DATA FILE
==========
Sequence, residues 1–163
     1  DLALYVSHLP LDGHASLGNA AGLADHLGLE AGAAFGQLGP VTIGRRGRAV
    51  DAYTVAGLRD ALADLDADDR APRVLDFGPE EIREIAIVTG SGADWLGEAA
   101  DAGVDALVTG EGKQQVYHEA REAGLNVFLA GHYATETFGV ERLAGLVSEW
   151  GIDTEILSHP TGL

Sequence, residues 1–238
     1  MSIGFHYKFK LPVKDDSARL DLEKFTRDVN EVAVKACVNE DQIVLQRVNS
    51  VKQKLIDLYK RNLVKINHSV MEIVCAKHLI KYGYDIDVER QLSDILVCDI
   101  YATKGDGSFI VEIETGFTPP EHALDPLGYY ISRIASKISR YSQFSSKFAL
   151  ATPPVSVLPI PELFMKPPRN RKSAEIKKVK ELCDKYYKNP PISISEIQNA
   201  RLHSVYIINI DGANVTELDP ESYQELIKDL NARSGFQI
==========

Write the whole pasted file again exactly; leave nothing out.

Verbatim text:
Sequence, residues 1–163
     1  DLALYVSHLP LDGHASLGNA AGLADHLGLE AGAAFGQLGP VTIGRRGRAV
    51  DAYTVAGLRD ALADLDADDR APRVLDFGPE EIREIAIVTG SGADWLGEAA
   101  DAGVDALVTG EGKQQVYHEA REAGLNVFLA GHYATETFGV ERLAGLVSEW
   151  GIDTEILSHP TGL

Sequence, residues 1–238
     1  MSIGFHYKFK LPVKDDSARL DLEKFTRDVN EVAVKACVNE DQIVLQRVNS
    51  VKQKLIDLYK RNLVKINHSV MEIVCAKHLI KYGYDIDVER QLSDILVCDI
   101  YATKGDGSFI VEIETGFTPP EHALDPLGYY ISRIASKISR YSQFSSKFAL
   151  ATPPVSVLPI PELFMKPPRN RKSAEIKKVK ELCDKYYKNP PISISEIQNA
   201  RLHSVYIINI DGANVTELDP ESYQELIKDL NARSGFQI